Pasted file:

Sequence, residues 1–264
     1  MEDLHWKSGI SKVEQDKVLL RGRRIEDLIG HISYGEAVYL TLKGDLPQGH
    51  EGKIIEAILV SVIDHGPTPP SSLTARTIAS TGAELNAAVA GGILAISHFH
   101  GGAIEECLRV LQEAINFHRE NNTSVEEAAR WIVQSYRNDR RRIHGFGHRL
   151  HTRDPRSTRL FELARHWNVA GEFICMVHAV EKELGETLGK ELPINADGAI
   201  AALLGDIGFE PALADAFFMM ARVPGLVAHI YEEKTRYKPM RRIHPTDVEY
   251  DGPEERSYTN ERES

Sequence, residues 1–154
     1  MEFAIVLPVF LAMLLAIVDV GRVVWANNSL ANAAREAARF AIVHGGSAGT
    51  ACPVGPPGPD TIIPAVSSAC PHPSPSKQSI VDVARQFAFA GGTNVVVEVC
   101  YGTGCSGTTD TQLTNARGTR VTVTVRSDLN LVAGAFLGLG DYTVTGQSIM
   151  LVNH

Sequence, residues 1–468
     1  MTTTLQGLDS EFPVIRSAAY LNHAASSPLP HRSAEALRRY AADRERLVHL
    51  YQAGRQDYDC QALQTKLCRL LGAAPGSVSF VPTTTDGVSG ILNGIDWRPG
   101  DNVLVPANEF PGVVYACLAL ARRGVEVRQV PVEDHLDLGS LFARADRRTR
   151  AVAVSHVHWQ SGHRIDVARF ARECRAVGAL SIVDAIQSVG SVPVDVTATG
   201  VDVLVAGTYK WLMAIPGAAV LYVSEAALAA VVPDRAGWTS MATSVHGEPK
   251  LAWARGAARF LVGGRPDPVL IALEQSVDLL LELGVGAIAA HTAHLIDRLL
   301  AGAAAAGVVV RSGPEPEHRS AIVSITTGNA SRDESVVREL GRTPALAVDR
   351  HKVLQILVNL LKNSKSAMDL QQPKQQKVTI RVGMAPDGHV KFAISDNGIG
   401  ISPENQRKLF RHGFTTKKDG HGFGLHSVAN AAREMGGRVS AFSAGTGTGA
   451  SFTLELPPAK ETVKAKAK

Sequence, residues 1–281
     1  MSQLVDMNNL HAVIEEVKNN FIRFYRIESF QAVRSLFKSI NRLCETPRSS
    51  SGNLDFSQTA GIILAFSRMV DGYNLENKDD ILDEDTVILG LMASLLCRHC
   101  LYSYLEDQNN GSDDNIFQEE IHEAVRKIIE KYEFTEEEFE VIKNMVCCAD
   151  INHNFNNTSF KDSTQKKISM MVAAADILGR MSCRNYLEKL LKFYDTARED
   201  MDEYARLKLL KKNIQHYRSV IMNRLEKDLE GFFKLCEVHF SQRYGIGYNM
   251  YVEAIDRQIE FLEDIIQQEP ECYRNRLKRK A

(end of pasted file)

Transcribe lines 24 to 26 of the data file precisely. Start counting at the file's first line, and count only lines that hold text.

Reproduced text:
Sequence, residues 1–281
     1  MSQLVDMNNL HAVIEEVKNN FIRFYRIESF QAVRSLFKSI NRLCETPRSS
    51  SGNLDFSQTA GIILAFSRMV DGYNLENKDD ILDEDTVILG LMASLLCRHC